Setting the Stage for Pets

Tess Bocker is adept at making a difficult listing shine, and she does the same for her community’s furry friends, while also being a much-needed resource for pet owners in her town of Wormlysburg, Pa.

May 9, 2014

Tess Bockes
Century 21 at the Helm
Wormleysburg, Pa.
ComeHometoCentralPA.com

How did you become involved in animal rescue?

I’m a huge pet lover. When Casey, a German shepherd lab that we had for 17 years, passed away, I didn’t want our old Chihuahua, Lucky, to be alone.

I discovered Animal House Rescue, a no-kill shelter, through Petfinder.com. We ended up adopting Jolene, who had been at Animal House Rescue for nine months. She was considered a “difficult to adopt” dog due to her health issues. She was nearly blind and we had to give her medicine every other day, but she was a wonderful, quirky little dog.

After I adopted Jolene, I became more involved with Animal House Rescue. I joined their board of directors in 2012 and this year I’m serving as president.

As a real estate professional, what do you bring to the table for Animal House Rescue?

I like to raise money — I’m all about fundraising and finding resources. That’s what I do in real estate as well; I find resources for my clients to help them either sell or purchase a home. I also spent five years in the army, so I like to organize and lead projects.

Lately, I’ve been helping people sell homes they don’t want any more, so my specialty has become difficult listings. The staging part of it comes very naturally to me. I have the ability to visualize what will look good and appeal to the buyer. I recently sold a condo owned by an elderly woman that desperately needed to be cleaned and staged. Once it was cleaned and painted, I went in with my assistant and I staged it. It sold in 55 days. I had other agents call me to ask how I did it.

At Animal House Rescue, we do something similar. We take dogs from other animal rescues that are having a hard time getting adopted or dogs that may need medical attention and find them homes.

What success has Animal House Rescue seen since you became involved?

Last year we raised between $20,000 and $30,000, and this year I have a fundraising goal of $100,000. The board organizes several different fundraisers and we have a solid volunteer base that’s grown exponentially. Last year we had about 20 volunteers — now we have 80. Facebook has been a tremendous resource because it allows us to communicate with people who are interested in getting involved.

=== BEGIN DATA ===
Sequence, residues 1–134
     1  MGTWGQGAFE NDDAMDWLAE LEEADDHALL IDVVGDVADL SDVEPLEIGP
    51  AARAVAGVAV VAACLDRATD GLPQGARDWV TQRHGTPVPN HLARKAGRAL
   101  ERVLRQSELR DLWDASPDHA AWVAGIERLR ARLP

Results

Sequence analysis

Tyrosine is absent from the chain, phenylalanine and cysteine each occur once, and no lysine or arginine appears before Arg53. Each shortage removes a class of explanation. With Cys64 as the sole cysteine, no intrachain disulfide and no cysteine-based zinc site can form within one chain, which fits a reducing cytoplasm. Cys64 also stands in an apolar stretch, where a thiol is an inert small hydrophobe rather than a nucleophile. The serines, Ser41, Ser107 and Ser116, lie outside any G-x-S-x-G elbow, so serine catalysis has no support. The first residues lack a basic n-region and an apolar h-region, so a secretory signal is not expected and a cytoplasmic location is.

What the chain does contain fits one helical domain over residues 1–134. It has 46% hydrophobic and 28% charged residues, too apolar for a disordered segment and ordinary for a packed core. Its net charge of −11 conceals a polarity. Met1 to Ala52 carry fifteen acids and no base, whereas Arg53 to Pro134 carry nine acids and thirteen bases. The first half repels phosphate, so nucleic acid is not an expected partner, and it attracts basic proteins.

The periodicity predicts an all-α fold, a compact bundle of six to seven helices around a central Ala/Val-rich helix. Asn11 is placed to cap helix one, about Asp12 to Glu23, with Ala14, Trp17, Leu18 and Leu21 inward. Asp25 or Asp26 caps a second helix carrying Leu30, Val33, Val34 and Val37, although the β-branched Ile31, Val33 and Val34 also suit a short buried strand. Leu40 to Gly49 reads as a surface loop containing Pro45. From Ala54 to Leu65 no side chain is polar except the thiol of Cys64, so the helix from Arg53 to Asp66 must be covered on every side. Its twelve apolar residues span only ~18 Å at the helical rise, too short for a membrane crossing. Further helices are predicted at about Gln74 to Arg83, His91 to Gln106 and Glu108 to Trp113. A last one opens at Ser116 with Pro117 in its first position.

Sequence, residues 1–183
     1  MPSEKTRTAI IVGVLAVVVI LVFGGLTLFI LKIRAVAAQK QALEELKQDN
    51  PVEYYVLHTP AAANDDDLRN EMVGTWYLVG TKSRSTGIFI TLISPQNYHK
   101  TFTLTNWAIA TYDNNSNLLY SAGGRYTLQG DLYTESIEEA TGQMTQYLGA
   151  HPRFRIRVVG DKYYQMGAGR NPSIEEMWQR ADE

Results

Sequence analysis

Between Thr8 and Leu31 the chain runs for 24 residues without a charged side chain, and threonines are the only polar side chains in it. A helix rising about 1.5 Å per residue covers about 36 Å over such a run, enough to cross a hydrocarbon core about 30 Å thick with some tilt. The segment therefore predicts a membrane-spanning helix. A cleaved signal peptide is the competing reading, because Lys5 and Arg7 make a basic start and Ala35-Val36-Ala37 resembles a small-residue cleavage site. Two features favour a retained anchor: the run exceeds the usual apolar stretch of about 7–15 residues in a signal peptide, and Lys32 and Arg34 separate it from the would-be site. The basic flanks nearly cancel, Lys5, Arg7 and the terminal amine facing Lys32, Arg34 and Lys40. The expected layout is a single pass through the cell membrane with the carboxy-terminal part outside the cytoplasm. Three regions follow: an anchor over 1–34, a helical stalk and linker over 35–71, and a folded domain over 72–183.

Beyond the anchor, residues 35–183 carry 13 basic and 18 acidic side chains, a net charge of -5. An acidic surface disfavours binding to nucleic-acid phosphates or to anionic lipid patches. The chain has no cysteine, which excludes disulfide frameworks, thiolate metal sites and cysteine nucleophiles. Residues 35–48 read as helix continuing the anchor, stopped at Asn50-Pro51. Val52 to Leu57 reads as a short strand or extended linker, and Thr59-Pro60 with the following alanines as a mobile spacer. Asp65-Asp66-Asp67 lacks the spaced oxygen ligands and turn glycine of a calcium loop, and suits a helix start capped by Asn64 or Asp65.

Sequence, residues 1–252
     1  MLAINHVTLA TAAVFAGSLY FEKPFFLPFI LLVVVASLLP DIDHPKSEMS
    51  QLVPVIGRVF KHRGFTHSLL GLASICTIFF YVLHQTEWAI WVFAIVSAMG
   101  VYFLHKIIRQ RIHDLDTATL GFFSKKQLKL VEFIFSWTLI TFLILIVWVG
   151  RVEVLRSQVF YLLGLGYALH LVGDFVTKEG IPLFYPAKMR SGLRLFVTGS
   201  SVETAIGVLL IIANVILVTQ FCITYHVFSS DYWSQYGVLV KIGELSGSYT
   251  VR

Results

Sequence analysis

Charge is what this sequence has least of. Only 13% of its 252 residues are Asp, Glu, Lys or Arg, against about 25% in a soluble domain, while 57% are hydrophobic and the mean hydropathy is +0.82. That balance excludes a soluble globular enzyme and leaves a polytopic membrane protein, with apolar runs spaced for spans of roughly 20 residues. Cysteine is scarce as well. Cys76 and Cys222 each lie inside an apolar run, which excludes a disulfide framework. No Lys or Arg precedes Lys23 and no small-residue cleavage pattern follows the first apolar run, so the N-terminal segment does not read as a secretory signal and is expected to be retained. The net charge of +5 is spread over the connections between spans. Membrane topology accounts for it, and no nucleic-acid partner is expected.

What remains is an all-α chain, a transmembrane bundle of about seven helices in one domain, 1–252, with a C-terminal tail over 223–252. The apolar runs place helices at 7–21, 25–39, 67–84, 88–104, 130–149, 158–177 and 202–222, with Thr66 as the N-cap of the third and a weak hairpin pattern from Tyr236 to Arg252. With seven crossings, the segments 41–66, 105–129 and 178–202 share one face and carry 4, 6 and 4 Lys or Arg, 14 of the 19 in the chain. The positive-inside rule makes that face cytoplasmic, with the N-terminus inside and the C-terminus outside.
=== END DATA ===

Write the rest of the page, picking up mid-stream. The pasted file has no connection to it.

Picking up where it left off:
We’ve held four yard sales at my house, and it’s not unusual for the yard sales to raise $3,000 to $4,000 per day. I invite my past and present clients either to come and shop or to donate items. About 25 volunteers are involved at each event; we sell hot dogs—it’s really quite involved.

Our next event is a spaghetti dinner and silent auction in July. The money raised goes to pay off vet bills for the animals, whether it be heartworm treatments or major surgeries.

Are homeless pets a particularly difficult or prevalent problem in your area? 

At Animal House Rescue, we get a lot of our dogs from high-kill shelters, but we’re also getting a lot of owner surrenders, usually because people are moving and can’t take their pets with them, or they’ve had some financial difficulty and they can’t afford their pets anymore. We’ll take the animals and get them adopted. But often they’re not neutered or spayed. We make sure that’s done before they’re adopted.

Each month we also have a low-cost vaccine clinic, which is open to anyone in the community. I love the vaccine clinic because a little old lady can come and get her cat vaccinated for only $10. We don’t question anyone’s finances; we just give them what they need. The vaccine clinics are open from 11 a.m. to 2 p.m. one Saturday each month and we’ll easily see 125 animals at each event. People will line up hours beforehand. We also offer microchipping for only $25, and we also do nails. It’s a wonderful mission and it helps us educate the community about responsible pet ownership.

How do you connect your advocacy and involvement with animals to your real estate business?

I find it’s a great way to connect with people. For example, I went on a listing appointment this morning and the home owner started telling me how she rescued both her dogs. I told her about my involvement in Animal House Rescue and she was thought that was great.

My involvement has allowed me the opportunity to meet more people and make connections with those who have a similar passion for animals who I never would have met otherwise.

One of our yard sale donors works at a senior assisted-living facility. She was looking for a rescue facility that could pair dogs with the seniors. I’ve assigned it to one of my board members, and we’re working with a cat rescue, too. It’s just so helpful for people to have a pet, especially if they live alone. We plan to place our first dog at the senior living facility next month.

Being involved with Animal House Rescue has also allowed people to see me not just as a volunteer but as a real estate professional who’s there for them when they need me.

How does the health and safety of animals play into supporting the value of home ownership in your community?

I love real estate. I love figuring out how to put a difficult home on the market and make it look as good as humanly possible. And I love helping people find the right house for them. Besides that, I love finding homes for dogs. Just like every person should have a nice place to call home, so should every dog and cat.

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